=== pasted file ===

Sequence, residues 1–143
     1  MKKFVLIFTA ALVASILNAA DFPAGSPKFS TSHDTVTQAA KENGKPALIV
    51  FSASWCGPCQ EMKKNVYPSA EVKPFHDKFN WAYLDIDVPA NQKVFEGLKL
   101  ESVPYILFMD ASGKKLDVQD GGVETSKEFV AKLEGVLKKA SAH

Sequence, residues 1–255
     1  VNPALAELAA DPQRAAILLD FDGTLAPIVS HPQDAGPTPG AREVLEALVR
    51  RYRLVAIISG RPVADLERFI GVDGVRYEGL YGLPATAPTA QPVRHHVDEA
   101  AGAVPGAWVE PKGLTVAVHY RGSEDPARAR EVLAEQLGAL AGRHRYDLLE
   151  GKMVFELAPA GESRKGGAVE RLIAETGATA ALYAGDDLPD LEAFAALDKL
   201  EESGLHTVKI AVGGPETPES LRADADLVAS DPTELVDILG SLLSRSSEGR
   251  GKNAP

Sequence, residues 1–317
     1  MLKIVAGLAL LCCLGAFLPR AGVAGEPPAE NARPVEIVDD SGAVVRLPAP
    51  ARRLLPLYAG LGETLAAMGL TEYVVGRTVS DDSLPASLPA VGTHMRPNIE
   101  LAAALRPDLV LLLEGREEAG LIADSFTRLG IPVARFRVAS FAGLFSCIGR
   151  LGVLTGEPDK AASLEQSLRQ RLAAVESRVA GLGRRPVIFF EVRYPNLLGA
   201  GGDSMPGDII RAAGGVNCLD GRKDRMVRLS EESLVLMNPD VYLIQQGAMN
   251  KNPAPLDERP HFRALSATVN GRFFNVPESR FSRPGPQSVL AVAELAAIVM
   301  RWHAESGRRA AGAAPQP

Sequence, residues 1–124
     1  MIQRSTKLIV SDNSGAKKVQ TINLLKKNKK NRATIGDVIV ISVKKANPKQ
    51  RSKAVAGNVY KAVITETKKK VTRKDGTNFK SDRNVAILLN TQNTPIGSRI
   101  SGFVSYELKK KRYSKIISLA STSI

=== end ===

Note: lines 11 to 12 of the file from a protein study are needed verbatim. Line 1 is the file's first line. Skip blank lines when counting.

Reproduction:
   251  GKNAP

Sequence, residues 1–317